This is an unprecedented time. The novel coronavirus 2019 pandemic has become a time that will be recorded in history, similar to the Spanish Flu pandemic of 1918 or the SARS pandemic of 2002- 2004. The Spanish Flu pandemic reportedly caused 500 million infections and over 50 million deaths, worldwide.
The SARS pandemic reportedly caused over 8000 infections and 774 deaths globally for a mortality rate of approximately 15 percent.1 This new pandemic of COVID 19 is estimated as infecting over 2.6 million people and causing over 180,000 deaths so far, globally.2 In the USA, as of 4/21/20, there are over 800,000 cases with 44.5 thousand deaths.3 For many of us in healthcare, we have never experienced something of this magnitude.
As a neurologist covering neurological cases in the hospital, daily life has changed. In the earlier part of this year even, my career was fairly stable and routine. I would wake up early to get ready for work – shower, brush my teeth, get dressed, eat breakfast, kiss my family, and then head to the hospital.
I would see my neurological inpatients on the hospital floors with my team of students, resident, and physician assistant. This would last about 2 hours. Then I would head to the office to start outpatient clinic until the evening, after which I would head back to the hospital to round on any new consults for the day. It would be rare that I would have to wear a protective gown or mask.
This has all changed with the COVID 19 pandemic. On the surface, it may seem relatively routine. I still round on neurological patients in the hospital and then start my outpatient clinic. However, that’s where the similarities stop. Now, I am wearing a surgical face mask with scrubs all day, frequently changing into an N95 mask with a protective gown and face shield to see COVID positive patients or those being investigated. Rounds take quite some time due to all the preparation needed to even step foot into most of the patient hospital rooms.
Testing is limited as the hospital tries to limit contamination around the facility. We are also having our temperatures checked before entering the hospital and as we leave at the end of day. After rounding in the hospital, my physician assistant and I return to the office to start outpatient clinic. Instead of seeing my patients in person, we speak over the phone or via video chat. We get the job done, but not the ideal situation.
We are learning more and more about this novel coronavirus. It appears to primarily attack the pulmonary system. However, it does appear to affect the neurological system as well. I am being consulted on more and more COVID positive patients every day. The difficulty is figuring out what is directly related to COVID 19 and what is coincidence.
What I have noticed is that it appears to contribute to global encephalopathy (confusion or altered mental status). These are most of my cases in the hospital. In addition, there is concern that it may contribute to clotting issues which may result in strokes, as well as dizziness or headaches. Unfortunately, we do not know enough yet but hopefully will soon.
On top of the above daily rounding changes, we have had to help out around the hospital in all different capacities. If needed, I may have to help with coverage in the Emergency Department or the Intensive Care Unit. As colleagues get sick and more COVID positive patients get admitted to the hospital, I may be called to help out.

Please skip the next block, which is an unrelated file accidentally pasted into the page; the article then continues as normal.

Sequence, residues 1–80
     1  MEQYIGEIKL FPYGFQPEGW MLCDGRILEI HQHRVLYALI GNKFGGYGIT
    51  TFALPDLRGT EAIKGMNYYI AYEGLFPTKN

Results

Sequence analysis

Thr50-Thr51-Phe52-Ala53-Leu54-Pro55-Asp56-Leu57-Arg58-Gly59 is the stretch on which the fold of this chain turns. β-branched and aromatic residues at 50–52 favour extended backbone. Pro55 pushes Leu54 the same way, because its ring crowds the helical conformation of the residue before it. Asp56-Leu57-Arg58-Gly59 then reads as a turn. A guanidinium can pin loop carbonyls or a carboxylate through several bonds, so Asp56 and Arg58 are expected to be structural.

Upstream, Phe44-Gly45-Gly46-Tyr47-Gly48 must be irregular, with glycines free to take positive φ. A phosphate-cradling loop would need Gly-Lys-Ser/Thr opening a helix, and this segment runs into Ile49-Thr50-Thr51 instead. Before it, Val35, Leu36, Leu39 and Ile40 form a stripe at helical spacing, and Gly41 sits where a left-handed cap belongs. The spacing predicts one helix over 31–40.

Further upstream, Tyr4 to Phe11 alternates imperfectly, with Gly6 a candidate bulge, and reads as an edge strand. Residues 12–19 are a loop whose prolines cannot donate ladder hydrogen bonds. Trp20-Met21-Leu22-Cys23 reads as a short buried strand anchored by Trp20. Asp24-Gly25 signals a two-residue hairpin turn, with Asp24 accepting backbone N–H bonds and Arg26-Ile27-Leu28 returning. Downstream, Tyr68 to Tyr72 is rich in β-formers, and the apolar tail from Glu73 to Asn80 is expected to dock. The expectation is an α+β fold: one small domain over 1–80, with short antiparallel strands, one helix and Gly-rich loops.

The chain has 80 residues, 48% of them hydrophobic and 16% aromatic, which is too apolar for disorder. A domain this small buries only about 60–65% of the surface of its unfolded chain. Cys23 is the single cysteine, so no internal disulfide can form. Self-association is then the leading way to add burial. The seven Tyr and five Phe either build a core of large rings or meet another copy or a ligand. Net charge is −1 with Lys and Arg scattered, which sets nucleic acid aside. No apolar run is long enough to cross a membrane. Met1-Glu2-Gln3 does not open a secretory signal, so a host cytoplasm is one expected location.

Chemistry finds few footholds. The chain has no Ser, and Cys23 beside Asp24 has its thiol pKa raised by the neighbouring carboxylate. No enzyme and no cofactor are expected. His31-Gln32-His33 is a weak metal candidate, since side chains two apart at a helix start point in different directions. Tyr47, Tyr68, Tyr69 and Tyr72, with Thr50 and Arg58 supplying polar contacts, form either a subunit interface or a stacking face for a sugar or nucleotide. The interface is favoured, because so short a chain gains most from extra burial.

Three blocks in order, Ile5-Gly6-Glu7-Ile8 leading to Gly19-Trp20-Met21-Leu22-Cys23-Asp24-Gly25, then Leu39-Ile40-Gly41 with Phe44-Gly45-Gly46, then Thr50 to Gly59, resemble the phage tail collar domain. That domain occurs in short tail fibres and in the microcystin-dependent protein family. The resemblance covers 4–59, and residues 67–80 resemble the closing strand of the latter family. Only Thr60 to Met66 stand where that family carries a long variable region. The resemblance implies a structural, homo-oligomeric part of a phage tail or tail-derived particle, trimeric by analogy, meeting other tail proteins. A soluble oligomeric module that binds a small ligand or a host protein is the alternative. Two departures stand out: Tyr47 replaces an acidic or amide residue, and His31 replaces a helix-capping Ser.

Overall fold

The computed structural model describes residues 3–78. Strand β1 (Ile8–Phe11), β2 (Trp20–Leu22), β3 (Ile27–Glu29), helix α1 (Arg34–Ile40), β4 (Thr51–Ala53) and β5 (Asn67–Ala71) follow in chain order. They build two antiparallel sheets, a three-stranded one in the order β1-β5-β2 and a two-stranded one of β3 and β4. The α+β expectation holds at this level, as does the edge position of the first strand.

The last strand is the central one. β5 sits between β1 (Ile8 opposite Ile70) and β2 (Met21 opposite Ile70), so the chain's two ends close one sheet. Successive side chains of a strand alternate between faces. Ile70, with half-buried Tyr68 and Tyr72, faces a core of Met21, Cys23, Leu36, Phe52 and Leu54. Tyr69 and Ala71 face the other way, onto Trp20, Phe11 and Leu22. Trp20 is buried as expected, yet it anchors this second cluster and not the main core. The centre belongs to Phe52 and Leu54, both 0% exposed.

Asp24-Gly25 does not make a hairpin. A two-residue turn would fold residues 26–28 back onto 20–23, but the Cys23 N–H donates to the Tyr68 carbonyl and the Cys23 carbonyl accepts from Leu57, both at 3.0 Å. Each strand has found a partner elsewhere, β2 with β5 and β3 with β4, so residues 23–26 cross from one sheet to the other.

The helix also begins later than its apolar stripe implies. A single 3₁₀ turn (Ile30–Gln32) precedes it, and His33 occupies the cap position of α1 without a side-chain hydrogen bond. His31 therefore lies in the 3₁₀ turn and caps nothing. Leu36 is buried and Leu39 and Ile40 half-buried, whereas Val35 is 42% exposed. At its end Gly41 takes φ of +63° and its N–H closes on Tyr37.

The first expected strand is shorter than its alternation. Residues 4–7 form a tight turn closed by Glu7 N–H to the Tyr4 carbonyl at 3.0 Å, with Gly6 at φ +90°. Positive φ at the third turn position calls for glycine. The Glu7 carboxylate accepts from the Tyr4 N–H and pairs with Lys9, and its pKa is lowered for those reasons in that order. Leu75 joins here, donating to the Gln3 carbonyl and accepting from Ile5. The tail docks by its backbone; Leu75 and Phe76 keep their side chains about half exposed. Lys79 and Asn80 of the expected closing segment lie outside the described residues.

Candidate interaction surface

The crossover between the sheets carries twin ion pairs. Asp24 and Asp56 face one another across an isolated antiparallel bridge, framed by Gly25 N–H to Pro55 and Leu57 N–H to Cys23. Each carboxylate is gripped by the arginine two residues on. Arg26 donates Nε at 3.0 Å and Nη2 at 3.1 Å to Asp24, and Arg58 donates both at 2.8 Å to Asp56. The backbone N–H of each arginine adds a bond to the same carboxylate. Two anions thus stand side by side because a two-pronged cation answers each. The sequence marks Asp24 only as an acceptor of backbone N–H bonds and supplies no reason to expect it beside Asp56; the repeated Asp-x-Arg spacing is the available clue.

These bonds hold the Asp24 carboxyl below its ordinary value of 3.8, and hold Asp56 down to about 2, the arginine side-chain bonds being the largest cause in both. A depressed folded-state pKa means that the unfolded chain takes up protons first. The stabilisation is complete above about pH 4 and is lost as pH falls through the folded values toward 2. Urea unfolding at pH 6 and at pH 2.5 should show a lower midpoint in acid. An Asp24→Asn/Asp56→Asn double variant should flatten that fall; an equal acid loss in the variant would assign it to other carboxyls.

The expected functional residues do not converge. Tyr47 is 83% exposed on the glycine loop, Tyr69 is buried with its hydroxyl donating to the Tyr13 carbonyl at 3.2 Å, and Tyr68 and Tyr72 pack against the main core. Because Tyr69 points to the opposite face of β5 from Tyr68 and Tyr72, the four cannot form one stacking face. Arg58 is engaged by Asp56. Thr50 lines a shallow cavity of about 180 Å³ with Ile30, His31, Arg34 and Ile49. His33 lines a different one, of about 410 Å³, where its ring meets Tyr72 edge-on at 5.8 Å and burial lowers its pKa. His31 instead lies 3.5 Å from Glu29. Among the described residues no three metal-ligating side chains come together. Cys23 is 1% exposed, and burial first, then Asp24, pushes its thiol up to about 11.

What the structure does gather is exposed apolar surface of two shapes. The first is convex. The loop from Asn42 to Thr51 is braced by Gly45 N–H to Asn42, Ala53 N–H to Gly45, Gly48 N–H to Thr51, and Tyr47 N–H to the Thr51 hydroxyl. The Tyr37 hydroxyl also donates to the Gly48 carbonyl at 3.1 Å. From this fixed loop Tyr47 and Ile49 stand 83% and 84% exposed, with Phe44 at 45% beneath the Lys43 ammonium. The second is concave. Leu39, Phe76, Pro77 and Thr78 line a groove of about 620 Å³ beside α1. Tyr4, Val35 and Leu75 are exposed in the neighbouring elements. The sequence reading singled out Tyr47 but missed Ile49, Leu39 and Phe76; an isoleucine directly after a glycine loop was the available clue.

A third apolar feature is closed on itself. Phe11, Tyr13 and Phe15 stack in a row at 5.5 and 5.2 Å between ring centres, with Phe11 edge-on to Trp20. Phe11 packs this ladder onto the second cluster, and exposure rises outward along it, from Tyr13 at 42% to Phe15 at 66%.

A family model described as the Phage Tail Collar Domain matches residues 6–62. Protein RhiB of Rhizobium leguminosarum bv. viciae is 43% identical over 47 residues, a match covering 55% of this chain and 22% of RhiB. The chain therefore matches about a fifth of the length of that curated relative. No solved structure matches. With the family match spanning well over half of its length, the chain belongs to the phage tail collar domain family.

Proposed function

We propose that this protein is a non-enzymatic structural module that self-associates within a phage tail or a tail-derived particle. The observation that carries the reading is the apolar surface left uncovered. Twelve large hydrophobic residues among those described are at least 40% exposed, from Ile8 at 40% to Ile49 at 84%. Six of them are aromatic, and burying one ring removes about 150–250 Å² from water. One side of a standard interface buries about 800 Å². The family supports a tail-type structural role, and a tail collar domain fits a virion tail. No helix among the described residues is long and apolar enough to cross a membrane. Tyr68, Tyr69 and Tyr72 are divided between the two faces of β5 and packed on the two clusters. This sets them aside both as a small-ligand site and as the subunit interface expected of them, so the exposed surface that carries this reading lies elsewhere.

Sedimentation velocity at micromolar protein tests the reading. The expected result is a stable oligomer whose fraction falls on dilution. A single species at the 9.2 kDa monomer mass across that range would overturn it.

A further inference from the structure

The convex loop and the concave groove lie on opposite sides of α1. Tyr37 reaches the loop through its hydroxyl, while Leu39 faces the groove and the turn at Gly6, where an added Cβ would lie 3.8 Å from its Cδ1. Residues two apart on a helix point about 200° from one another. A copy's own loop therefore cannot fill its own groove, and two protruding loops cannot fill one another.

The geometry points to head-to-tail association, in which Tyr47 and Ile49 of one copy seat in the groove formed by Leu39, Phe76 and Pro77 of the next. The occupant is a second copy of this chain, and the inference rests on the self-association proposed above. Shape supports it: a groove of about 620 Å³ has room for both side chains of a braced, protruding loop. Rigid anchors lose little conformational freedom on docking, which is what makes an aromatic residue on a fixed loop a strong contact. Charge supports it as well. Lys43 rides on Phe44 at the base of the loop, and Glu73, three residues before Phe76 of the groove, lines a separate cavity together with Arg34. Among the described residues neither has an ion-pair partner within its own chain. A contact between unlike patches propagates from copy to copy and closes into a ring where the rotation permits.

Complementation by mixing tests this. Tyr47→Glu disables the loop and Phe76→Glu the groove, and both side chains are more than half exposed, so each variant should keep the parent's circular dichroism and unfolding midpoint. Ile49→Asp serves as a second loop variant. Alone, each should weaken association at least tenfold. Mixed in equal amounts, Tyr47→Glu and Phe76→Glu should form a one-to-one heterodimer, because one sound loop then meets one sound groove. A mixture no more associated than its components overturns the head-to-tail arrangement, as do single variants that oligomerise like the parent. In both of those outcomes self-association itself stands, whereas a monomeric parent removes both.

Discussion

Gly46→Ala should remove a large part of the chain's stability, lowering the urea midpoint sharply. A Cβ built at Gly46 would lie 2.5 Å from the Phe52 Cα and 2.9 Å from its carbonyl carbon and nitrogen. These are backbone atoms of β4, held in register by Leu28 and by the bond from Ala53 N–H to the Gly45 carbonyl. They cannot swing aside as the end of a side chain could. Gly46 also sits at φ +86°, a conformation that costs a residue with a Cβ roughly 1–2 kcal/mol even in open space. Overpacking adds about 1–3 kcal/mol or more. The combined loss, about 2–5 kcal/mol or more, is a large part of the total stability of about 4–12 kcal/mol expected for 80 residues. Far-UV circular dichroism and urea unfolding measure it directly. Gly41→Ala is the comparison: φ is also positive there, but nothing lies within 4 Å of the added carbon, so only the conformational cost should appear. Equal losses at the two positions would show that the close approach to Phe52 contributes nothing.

After about a decade of practicing neurology, working in the ED or ICU will obviously be a big change. But in times like this, we have to step out of our comfort zone to help. We are seeing a lot of COVID positive patients and unfortunately, they are sick and unable to leave the hospital quickly, if at all. It is a tragic time in history.
Having heard about conditions in hard hit areas like New York and personally seeing the cases at my hospital, it is clear that I will not be returning to my routine schedule any time soon. We have to be smart about returning to previous activities.
As we near our peak, social distancing and being smart are what is saving us. If we return too quickly, we may have to fight another peak of this infection. Being in the thick of this pandemic and hearing stories from colleagues about the devastation that this virus has inflicted upon the world, it is not hard to imagine our healthcare workers becoming depressed, anxious, and hopeless at times. These are stressful times for everyone but healthcare workers and all essential workers walk into the thick of it to help our fellow humans.
For myself, seeing many tragic cases in my hospital does cause grief and anxiety. We do not know what the future holds with this pandemic. Hopefully, with continued social distancing and further research, things will become easier and hopefully life will become more ‘normal’.
Some healthcare workers can develop significant depression and anxiety, potentially to the point of suicidal thoughts and post traumatic stress disorder. I hope they seek help and know that there are people who want to help. One viable treatment option is ketamine infusions.
There is a plethora of evidence showing successful treatment of treatment-resistant depression and post traumatic stress disorder with ketamine infusions. At StrIVeMD Wellness & Ketamine, we have seen first-hand its successes.
If you find yourself developing hopelessness, anxiety, or depression, please seek help. Whether it is a friend or a professional psychiatrist or psychologist, there are people who want to help you. Discuss with your psychiatric team if ketamine infusions are the right next step for you.
If we work together, we can get through this pandemic. Continue social distancing. Stay safe. Call StrIVeMD if you have any questions or would like a consultation.
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